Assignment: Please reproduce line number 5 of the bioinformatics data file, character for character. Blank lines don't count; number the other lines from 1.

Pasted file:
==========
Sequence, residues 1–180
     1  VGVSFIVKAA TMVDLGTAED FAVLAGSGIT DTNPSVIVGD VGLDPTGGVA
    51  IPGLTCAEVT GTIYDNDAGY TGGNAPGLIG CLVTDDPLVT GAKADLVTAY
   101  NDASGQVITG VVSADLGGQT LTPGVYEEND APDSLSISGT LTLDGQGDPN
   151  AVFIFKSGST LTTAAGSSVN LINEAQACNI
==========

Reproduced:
   151  AVFIFKSGST LTTAAGSSVN LINEAQACNI